Gender pay gap at its widest among women in their 50s

Women's salaries in this age bracket are 28 per cent lower than men’s

Sarah Young
Monday 28 October 2019 09:10 GMT
The gender pay gap explained

The gender pay gap is at its widest for women in their 50s, new research has revealed.

The analysis, which was conducted by Rest Less – a career and advice website for the over-50s – examined data from the Office for National Statistics (ONS) and revealed that women’s salaries in this age bracket are 28 per cent, or £12,509, lower than men’s.

The study also showed that women’s salaries decrease by eight per cent during their 50s while men’s drop by four per cent.

This discrepancy falls slightly over the next decade but continues at 27.6 per cent until retirement age.

Stuart Lewis, founder of Rest Less, said: “Our data shows that for women in their 50s, the chances of them earning an equal salary compared with their male peers is at its slimmest.

“Women in their 50s are facing an equality battle on multiple fronts in the workplace, firstly because of their gender and secondly because of their age.”

The analysis added that while both sexes reach their peak full-time salaries in their 40s, there is a vast gap between the two with women earning an average of £34,665 and men earning £46,213, a difference of £11,548 or 25 per cent.

The data also showed that the gap grows again over the next decade, with the average salary for a woman in her 50s working full-time being £32,052 compared with £44,561 for a man in his 50s, a difference of £12,509 or 28 per cent.

Overall, the ONS data shows that the gender pay gap does increase with age, as it stands at 18 per cent for 18 to 21-year-olds, 13 per cent for those in their 20s, 16 per cent for those in their 30s, 25 per cent for those in their 40s and reaches 28 per cent for people in their 50s.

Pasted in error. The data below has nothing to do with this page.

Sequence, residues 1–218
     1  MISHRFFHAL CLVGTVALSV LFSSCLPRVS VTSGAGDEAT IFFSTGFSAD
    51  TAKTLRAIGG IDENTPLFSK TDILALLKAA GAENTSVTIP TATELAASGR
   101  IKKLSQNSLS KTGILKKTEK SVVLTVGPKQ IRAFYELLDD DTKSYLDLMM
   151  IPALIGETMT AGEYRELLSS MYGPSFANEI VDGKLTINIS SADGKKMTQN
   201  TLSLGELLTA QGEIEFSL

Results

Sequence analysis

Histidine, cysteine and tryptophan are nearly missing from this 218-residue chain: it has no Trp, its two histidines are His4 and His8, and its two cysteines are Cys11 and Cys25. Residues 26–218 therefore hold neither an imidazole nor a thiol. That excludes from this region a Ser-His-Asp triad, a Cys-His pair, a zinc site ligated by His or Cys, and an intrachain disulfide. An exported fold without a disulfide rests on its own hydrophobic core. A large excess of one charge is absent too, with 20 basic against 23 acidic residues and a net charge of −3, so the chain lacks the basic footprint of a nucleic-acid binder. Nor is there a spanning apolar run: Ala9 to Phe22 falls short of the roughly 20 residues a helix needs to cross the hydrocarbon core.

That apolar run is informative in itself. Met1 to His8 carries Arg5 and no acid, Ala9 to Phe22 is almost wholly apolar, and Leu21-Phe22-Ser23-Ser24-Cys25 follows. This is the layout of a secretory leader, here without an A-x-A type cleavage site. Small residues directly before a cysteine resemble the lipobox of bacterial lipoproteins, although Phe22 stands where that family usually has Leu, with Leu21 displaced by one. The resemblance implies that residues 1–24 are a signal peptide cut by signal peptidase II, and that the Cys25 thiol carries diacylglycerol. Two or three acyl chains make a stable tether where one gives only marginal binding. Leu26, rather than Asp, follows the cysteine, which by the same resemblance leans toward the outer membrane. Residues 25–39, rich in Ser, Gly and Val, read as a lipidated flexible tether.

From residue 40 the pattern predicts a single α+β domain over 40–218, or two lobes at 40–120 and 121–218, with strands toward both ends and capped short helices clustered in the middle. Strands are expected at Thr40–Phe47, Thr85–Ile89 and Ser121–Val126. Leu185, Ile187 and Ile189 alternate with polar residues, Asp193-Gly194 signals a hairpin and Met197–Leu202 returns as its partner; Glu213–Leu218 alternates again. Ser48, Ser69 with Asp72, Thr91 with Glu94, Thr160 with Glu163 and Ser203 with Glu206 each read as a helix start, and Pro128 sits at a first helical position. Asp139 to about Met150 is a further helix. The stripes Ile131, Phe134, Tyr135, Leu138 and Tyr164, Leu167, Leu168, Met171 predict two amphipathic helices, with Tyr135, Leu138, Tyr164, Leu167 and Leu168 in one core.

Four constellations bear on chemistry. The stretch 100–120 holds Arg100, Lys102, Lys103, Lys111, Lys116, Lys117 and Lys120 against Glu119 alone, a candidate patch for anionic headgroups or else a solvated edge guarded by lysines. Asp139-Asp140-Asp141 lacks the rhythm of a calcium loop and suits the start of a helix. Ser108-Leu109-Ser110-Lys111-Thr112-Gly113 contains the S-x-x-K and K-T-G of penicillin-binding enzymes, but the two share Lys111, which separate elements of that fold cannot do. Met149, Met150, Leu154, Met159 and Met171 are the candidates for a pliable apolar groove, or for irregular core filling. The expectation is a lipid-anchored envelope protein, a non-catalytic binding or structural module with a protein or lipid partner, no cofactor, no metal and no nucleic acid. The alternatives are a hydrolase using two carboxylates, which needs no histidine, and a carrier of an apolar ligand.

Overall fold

“With such a tight labour market, and the wealth of talent and skills among women in their 50s and 60s, it is surprising not to see more employers actively seeking out this audience to help fill a very real skills gap,” Lewis added.

“Women in their 50s are facing a tough time in the workplace.”

According to recent government statistics, the number of women working in their 50s and 60s has increased by 75 per cent in the last 20 years, from 2.7m in 1999 to 4.8m today.

Meanwhile, the average age of retirement for women now is just a year below that of men.

Responding to the study, Dawn Butler, Labour shadow women’s and equalities secretary, said: “This study backs the need for urgent reform. The double discrimination faced by women in the workplace must end.

“There’s simply no place in the modern workplace for any form of discrimination.”

The findings follow BBC journalist Samira Ahmed becoming the first prominent female presenter to take the broadcaster to court over claims she was paid less than her male colleagues.

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The 51-year-old, who presents Radio 4 arts programme Front Row and Newswatch is accusing the corporation of “failure to provide equal pay for equal value work”.

Ahmed is sure to appear at a central London employment tribunal on Monday morning.

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